Bitcoin: Should we use it as a currency or as an investment?

On August 1st, 2017, Bitcoin is expected to fork (split into two). In this post, I discuss my learning about cryptocurrencies with an emphasis on Bitcoin and Bitcoin fork and why they may be a reasonable choice of currency for those who have a set of specific requirements but does not (dare I say, should not) represent an instrument for investment.

I started reading about cryptocurrencies (at last count 900 of them exist!) rather late and as I sit down to write this, the cryptocurrency with the largest market share – Bitcoin – is on the verge of significant change. In this post, I shall often use the Bitcoin as a synonym for cryptocurrency (depending on the context)

The question that popped into my mind as I started reading was:

What is the difference between a bitcoin and a computer virus?

The bitcoin is a few lines of encrypted code. The virus is a few lines of encrypted code. Of course, I am not being serious and the similarities end there (do they?), but the point is, at least those born before 1990 should chuckle with amusement that we now call computer code as currency!

However, if you come to think of it, cryptocurrencies did not just pop up. If you see it as an example of distributed computing, search for extraterrestrial life (remember the SETI@home screensavers?), computing large prime numbers and other math problems over the internet are more than 20 years old. It is intriguing to learn that the core principles behind Bitcoin have its origins in the cypherpunk community which has been active since the 1980s.

So the Bitcoin (or should we call it gitcoin due to its open-source nature) is in some sense a natural evolution. However as we shall see below, recent progress has been a little too fast and the Bitcoin is struggling to keep pace.

What is a Bitcoin and how does it work?

Here is a simple definition by a layman, for the layman. It is a currency without borders and regulators. As mentioned above, it is a piece of encrypted code exchanged between two parties. A network of validators or accountants verify each transaction and add it to a ledger known as the blockchain. Verifying a transaction is equivalent to solving a math problem.

This ledger is open to the public and to all accountants. Unless all the accountants agree, it is impossible to defraud the system (you will see how hard that is below). The accountants get paid in two ways: a transaction fee to be paid by one or both the parties involved and some amount of bitcoin. Since new cryptocurrency is created each time a transaction is verified, the accountants are also called miners.

The transaction need not be money. It can be anything mutually agreed upon like a sack of wheat. Each bitcoin has 100 million units  (1 followed by 8 zeros) just like one Rupee has(had?) 100 paisa.

A system has been designed to create more bitcoins via transaction verification initially and then gradually (logarithmically) decrease production over time with an initial cap of 21 million bitcoins. As on date, about 78% of allowed bitcoins have already been mined and in circulation.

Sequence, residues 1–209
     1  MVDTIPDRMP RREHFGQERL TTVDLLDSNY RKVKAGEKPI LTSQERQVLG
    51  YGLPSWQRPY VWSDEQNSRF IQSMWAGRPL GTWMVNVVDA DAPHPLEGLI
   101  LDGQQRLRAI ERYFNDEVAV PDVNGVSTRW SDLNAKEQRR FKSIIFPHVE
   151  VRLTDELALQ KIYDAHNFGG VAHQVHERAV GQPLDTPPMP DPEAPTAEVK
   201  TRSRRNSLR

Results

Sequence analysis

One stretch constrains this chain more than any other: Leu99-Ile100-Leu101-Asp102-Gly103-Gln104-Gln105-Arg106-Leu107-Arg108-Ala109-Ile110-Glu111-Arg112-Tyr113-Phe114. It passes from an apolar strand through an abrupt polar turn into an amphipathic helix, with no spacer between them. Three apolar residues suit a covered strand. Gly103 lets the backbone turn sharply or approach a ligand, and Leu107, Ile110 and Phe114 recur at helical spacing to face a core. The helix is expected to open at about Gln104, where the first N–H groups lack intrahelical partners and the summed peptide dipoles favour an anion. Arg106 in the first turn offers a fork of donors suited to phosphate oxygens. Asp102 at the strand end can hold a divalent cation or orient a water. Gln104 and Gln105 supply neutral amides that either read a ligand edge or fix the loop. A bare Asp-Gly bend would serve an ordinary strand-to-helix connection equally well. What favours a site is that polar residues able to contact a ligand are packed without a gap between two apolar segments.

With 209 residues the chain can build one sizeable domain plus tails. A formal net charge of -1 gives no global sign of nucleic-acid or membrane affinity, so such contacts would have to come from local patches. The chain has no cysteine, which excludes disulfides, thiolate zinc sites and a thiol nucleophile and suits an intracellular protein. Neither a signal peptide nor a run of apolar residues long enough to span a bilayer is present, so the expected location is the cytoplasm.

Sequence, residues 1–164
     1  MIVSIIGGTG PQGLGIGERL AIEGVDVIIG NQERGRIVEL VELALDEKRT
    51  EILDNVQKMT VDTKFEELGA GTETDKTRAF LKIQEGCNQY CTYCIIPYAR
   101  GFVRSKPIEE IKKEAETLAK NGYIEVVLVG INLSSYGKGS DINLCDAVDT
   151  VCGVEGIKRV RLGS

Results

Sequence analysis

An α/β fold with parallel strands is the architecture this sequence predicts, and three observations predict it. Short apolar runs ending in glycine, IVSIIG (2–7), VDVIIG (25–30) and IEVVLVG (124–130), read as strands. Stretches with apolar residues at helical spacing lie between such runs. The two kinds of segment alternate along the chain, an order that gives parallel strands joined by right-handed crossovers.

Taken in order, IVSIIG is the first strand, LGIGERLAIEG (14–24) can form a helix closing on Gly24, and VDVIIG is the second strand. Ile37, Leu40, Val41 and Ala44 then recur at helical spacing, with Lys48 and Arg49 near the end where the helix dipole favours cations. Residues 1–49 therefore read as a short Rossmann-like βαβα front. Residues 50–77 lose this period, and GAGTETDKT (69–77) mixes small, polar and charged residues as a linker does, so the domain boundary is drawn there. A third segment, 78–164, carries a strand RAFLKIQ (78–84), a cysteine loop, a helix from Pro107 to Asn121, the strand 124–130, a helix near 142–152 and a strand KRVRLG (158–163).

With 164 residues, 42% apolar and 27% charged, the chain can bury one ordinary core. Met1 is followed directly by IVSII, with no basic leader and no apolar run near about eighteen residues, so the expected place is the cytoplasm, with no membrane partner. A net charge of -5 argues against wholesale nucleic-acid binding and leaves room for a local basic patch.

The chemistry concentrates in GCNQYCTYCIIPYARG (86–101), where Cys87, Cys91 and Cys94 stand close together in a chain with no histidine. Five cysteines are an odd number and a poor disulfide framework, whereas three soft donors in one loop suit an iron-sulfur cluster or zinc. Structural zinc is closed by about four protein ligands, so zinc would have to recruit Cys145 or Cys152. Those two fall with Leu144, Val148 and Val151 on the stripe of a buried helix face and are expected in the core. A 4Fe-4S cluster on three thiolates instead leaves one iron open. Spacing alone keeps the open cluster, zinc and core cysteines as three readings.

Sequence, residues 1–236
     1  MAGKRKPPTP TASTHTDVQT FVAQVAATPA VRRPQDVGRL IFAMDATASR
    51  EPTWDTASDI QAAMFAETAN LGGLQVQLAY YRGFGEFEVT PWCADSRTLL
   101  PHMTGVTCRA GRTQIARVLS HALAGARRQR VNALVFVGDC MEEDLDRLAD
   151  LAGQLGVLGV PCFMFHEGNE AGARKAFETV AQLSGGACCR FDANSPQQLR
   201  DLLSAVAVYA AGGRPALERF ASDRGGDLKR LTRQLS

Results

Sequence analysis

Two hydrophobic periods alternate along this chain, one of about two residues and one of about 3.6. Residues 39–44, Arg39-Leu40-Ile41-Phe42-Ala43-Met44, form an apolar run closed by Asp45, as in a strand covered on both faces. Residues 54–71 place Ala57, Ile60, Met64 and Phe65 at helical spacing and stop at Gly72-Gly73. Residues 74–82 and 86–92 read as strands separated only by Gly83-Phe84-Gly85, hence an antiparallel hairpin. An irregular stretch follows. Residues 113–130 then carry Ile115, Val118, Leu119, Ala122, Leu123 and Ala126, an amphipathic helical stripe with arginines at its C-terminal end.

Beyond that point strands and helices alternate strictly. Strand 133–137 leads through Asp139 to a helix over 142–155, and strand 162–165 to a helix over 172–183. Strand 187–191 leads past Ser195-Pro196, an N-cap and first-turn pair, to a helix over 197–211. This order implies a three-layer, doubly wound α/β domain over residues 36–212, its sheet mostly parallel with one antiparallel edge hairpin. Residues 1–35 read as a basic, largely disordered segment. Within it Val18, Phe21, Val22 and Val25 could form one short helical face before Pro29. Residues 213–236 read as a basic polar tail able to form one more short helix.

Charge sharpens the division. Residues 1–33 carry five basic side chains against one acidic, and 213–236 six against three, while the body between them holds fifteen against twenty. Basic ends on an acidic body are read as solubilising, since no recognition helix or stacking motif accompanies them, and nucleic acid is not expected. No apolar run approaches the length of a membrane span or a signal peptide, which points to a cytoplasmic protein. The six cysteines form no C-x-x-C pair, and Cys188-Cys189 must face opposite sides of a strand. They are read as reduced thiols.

The transactions are bundled into something known as a block. All the blocks are linked to the other (called a blockchain) making it extremely hard (if not impossible)  for someone to alter past transactions. The transaction in each block and the linking of one block to the other is done via code known as a hash.  Each time such a hash is created, a reward of 25 bitcoins are created. Creating such hashes become progressively difficult.

About every four years or upon the creation of 210,000 blocks, the number of bitcoins created (mined) per block will decrease.

This is only a projection ignoring events to be discussed below. The point is that that reward for accountants will decrease over time and they will have to be compensated via transaction fees considering the enormous hardware and electricity required to verify transactions (see video below).

This is how the difficulty in finding new blocks has increased over time. The message is that each periodic increase could render the equipment the accountant (miner) used to maintain the ledger obsolete! So profits will drop sharply and costs will increase. So miners now pool their resources together and now mining is possible on “cloud”.

There are fears that network security will decrease once bitcoins cannot be created. However, it is too early to say anything. What is clear is that the fee structure is bound to change sooner than later.

Pros and cons of Bitcoin

The USP of all cryptocurrency is the lack of a central leadership and regulator. Sadly, this could also turn out to be its biggest flaw.

Everything about the Bitcoin process is out in the open – the code and all the transactions ever logged. You can get all the relevant data from blockchain.

As is well aware, the ransomware hackers demanded payment in Bitcoin. Would you believe that people are still paying those hackers in bitcoins! This twitter account:  @actual_ransom tracks these. So listing all transactions means little in terms of transparency because the receiver will work with a false name (glad to see Bitcoin wallets in India demand a Pan card and this implies Aadhaar is also known if the governments want to track the individual).

A transaction made under duress should be identified by a miner via a token sent by the sender/receiver and this should be cancelled at an appropriate time with the receiver account frozen. Such a facility does not exist now. As far as I can tell, the ransomware hackers are still at large. Transparency should not be confused with accountability, credibility, traceability and security

That said, the notion of a currency without borders is fantastic. Under certain circumstances, such a transaction could prove cheaper than conventional currency transactions.

The Bitcoin Scaling Problem

However, Bitcoin suffers from a scaling problem. That is, as it gets popular transactions seem to take longer and longer (hours to days!) or sometimes get rejected. The fee seems to be on the rise too as a juicy fee is necessary for a miner to validate a transaction. This makes it like an auction house.

The problem is traced back to the size limit of a block (which contains a list of transactions). This was set at 1 Mb by the creators to prevent hacking. However, they probably did not predict a sudden increase in popularity.

Due to an increase in transactions, the block size of 1 Mb seems too small. Notice that the ceiling was reached in 2017. Every few minutes such a block is created and often some transactions take too much time or even get left out.

So the community has suggested several modifications to the Bitcoin operation code (protocol). Since there is no one in charge, a change will be set into motion only if there is a majority agreement. the bitcoin community has been unable to find a single solution.